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Anharmonic Strings

May 16, 2011

When my son was young, he studied piano. When he was older, he decided to learn to play guitar. Since guitars go out of tune, one important part of guitar instruction is learning how to tune your instrument. Tuning by ear is easy. You listen for the "beats;" that is, the low frequency component you get when sine waves of different frequencies are mixed. Since musical notes in a scale are based on whole number ratios of frequencies, beats are also what make chords sound in, or out, of tune.

After a while, my son bought an electronic tuner. He would select a musical note, a microphone would detect the sound, the tuner would analyze the frequency of the plucked string, and a meter would indicate how much it was out of tune. I could design such a device, and I'm sure that any embedded systems developer could do the same, but these devices have one limitation. They may work well in tuning lightly plucked strings of guitars over a limited range from lowest to highest note; but a piano that's tuned electronically would sound out of tune. You need to tune pianos by ear.

I once worked with a physicist who did piano tuning when he was younger. There are fewer piano tuners today, since most keyboard instruments are now electronic. Piano tuners were very important in the early part of the twentieth century. Serious owners of pianos would have their pianos tuned twice each year. Concert pianists insist on a tuning before every performance. Pianos go out of tune because their design puts their materials of construction in extreme states.

Real pianos are heavy. Their major component is a cast iron frame that carries the strings. The strings are under high tension and they are expected to be repeatedly hit with a hammer, so they are made from a high strength, high-carbon steel, typically manufactured to conform to ASTM A228. High strength notwithstanding, the strings will creep, and that's why piano tuning is required at intervals. The string material is appropriately named piano wire.

Piano strings have a finite diameter, and this causes their vibration to deviate from that of an ideal string. The explanation is simple. Something thick is harder to bend than something thin, and vibration is all about bending. For a real string, the fundamental tone does not describe the piano note completely.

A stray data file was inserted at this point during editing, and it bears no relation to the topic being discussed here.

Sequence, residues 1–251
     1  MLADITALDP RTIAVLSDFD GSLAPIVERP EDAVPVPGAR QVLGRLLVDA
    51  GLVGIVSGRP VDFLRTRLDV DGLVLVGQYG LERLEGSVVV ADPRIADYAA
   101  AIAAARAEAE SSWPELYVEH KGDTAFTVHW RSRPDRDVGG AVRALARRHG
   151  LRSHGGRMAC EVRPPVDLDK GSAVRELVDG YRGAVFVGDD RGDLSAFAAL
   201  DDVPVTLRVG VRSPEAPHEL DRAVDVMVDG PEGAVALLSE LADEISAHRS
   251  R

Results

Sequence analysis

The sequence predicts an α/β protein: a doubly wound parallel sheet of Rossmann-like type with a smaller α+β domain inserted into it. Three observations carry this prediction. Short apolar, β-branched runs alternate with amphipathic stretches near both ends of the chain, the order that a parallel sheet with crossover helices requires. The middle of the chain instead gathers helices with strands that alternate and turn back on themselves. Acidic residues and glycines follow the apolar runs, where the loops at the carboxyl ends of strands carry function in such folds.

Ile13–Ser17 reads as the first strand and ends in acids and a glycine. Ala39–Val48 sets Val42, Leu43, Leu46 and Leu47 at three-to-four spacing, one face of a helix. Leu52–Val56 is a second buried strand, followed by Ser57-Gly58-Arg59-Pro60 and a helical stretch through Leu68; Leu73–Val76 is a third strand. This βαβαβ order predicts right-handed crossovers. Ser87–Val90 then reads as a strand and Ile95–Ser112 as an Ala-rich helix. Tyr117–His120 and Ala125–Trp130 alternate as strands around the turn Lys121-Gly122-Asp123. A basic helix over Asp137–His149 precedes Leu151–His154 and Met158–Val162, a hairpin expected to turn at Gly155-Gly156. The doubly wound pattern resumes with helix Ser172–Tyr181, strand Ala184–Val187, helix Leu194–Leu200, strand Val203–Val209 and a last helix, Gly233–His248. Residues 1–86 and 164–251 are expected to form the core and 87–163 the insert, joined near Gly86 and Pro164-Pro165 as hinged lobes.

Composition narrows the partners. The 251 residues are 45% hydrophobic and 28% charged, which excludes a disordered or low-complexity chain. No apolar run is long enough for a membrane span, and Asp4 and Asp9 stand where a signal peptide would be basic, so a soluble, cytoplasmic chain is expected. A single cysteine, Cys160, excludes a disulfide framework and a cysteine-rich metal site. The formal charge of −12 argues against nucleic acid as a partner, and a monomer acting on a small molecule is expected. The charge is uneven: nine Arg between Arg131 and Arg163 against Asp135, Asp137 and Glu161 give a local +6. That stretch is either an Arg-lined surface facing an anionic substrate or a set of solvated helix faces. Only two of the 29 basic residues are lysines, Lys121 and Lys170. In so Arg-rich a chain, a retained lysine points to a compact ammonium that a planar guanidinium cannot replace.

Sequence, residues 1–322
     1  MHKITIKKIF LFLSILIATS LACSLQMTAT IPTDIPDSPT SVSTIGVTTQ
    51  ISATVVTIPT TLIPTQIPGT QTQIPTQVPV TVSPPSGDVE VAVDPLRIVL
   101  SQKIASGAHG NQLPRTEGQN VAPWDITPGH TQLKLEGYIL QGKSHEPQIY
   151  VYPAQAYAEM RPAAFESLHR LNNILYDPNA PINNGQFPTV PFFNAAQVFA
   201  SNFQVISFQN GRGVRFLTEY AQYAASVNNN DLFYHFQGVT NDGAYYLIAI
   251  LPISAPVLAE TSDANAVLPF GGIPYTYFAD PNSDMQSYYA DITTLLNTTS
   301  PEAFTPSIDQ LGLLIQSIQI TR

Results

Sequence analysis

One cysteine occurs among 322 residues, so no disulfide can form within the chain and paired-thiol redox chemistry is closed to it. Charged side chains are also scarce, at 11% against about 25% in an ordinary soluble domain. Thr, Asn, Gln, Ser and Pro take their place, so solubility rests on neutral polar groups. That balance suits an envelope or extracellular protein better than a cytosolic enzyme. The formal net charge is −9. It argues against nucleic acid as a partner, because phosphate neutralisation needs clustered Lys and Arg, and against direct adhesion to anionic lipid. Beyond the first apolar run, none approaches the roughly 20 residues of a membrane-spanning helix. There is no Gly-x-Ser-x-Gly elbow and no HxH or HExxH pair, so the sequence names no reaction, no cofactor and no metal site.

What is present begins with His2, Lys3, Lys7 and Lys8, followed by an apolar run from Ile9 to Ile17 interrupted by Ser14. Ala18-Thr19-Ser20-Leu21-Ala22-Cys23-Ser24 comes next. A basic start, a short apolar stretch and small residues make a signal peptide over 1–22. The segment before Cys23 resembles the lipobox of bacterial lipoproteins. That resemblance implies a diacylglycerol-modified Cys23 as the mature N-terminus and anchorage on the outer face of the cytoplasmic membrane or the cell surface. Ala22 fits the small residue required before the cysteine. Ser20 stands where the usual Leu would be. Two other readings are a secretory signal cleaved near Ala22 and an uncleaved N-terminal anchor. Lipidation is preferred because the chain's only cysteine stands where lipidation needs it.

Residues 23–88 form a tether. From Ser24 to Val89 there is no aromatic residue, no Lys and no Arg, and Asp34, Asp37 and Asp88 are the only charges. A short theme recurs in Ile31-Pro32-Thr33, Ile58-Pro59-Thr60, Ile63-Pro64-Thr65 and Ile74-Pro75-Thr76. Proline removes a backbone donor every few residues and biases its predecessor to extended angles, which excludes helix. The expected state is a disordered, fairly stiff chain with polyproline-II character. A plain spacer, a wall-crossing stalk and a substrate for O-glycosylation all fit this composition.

When you tune, you need to consider how the note's harmonics (called partials) clash with other notes. Different instruments have different harmonic structures, called timbre. One book on my bookshelf describes how to orchestrate music to prevent dissonance between the partials of various instruments.[1] This book includes such warnings such as the following:
"Owing to the complete absence of any affinity of tone quality, the combination of strings with brass is seldom employed in juxtaposition, crossing, or enclosure of parts."(Ref. 1, p. 95)
Harmonics are more important for lower frequency notes, since most harmonics of the higher notes are beyond audible range.

Piano tuning was analyzed by none other than Richard Feynman, who did it "just for fun."[2] This is all the more interesting, since Feynman was "tone deaf."[3] Feynman calculated the actual sounding frequency ("True Frequency") of a string in terms of its idealized frequency, f, and its material properties,
True Frequency = f( 1 + (B/2))
In this equation, B, the inharmonicity coefficient, is given as
B = π E A2 μ f2/T2
where E is Young's modulus, A is the cross-sectional area of the wire, μ is the weight per unit length and T is the tension. The idealized frequency, f, is the frequency calculated from the simple vibrating string expression that ignores material properties; viz.,
f = (1/2L)sqrt(T/μ)
The inharmonicity coefficient, B, is about 0.00038 for a representative piano wire at note A4 (440 Hz).[2]

Because of this inharmonicity, the harmonic frequencies of piano strings deviate somewhat from simple whole number ratios to the fundamental. To compensate for this, a typical piano tuned by ear has the lowest note tuned 30 cents flat, and the highest note tuned 30 cents sharp. This compensation makes the notes more pleasing when sounded with other notes.